15 September 2014

Concentrations of carbon dioxide last year grew at the fastest rate since 1984, says a BBC news article. Reporting on data released by the World Meteorological Organisation, the article describes how this increase in concentration is due not only to increased greenhouse gas emissions, but also to a reduced carbon uptake by the biosphere. This reduction could be temporary, or it could be an indication that the biosphere has reached its absorption limit. The article points out that seas, trees, and living things, which play an important role by absorbing over half of the total greenhouse gas emissions, are also breaking records; the oceans soak up about 4kg of CO2 per person every day, a rate unparalleled over the last 300 million years and resulting in unprecedented salination of the oceans.

5 September 2014

In a debate between George Monbiot and L hunter Lovins in The Guardian, the issue of impacts and evidence of livestock grazing is discussed. Monbiots article “Eat more meat and save the world: the latest implausible farming miracle” can be found here while L. Hunter Lovins’ article “Why George Monbiot is wrong: grazing livestock can save the world” can be read here.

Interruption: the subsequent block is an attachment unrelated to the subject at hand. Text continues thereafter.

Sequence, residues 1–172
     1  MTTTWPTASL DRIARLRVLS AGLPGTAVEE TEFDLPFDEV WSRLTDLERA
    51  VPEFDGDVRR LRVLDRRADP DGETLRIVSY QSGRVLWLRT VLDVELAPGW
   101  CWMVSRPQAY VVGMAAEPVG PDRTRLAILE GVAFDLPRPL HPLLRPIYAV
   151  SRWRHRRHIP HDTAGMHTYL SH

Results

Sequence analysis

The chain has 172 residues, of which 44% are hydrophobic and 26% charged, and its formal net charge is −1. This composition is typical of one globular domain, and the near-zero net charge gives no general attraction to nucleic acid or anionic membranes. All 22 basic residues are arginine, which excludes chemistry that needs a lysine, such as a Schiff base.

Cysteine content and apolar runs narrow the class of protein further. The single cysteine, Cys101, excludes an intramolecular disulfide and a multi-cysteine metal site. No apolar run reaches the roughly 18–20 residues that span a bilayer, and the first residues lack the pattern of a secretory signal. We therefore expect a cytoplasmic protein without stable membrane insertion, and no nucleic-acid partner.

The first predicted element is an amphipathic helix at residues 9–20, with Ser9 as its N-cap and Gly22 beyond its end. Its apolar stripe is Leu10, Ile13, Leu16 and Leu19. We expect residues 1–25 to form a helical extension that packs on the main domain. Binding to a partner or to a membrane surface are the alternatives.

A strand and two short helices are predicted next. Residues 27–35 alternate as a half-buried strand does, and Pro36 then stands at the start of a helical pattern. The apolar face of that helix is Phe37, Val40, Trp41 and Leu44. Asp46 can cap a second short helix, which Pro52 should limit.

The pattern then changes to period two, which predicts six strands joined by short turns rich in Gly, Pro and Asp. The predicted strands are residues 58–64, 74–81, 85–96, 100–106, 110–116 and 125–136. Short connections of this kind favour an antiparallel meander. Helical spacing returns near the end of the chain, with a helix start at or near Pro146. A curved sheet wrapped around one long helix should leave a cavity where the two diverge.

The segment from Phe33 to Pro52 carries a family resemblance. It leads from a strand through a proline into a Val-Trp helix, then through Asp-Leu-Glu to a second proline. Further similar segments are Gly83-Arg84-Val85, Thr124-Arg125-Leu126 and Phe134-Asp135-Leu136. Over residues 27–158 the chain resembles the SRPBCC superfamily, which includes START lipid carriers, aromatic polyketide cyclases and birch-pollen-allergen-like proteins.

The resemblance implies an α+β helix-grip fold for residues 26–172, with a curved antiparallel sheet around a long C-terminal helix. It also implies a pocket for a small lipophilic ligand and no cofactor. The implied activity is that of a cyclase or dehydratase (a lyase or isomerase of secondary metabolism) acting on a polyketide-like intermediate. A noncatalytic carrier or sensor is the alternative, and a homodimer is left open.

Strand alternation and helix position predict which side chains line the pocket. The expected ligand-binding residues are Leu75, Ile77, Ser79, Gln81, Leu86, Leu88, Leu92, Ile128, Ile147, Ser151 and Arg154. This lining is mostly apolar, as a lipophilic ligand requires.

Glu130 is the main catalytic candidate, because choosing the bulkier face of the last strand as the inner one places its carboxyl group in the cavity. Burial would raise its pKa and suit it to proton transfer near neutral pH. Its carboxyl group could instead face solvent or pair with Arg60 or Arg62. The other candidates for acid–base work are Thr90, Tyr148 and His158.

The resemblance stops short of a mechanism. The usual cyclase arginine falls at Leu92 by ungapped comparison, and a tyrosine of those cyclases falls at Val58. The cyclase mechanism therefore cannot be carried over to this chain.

5 September 2014

This review, published in Nature Climate Change, concludes that the role of no-till agriculture in mitigating climate change may be over-stated . No-till and reduced tillage are methods of establishing crops with low soil disturbance as opposed to conventional tillage involving ploughing or other practices.

30 July 2014

Ten years after the first Year Book in this series appeared, a special e-book anniversary edition – UNEP Year Book 2014 – presents a fresh look at ten issues highlighted over the past decade.

1 July 2014

This paper provides new predictions of the global climate change mitigation potential of soil organic carbon sequestration on agricultural land.  It asks whether soil carbon sequestration really does have  a major role to play in mitigating agricultural GHGs and concludes that, given the many technical constraints, and the time limited nature of sequestration, its contribution is in fact likely to be minor.  However, as the authors  point out, there are other non-CO2 benefits that arise from building soil carbon, that are not considered in this study.

25 April 2014

Africa has been thought to be a potentially large carbon sink of great value in efforts to mitigate carbon dioxide emissions. But this study reveals that it could be a net source of greenhouse gases that will increase global warming.

19 December 2013

This paper, which looks at the impact of agricultural intensification on soils across Europe, suggests that differences in the intensity of land use significantly affects soil ecosystems and the services they provide. High intensity arable land use is found to a have lower diversity and biomass of soil organisms than lower intensity arable or permanent grassland, and that this affects the carbon and nitrogen cycles in the environment.

Pages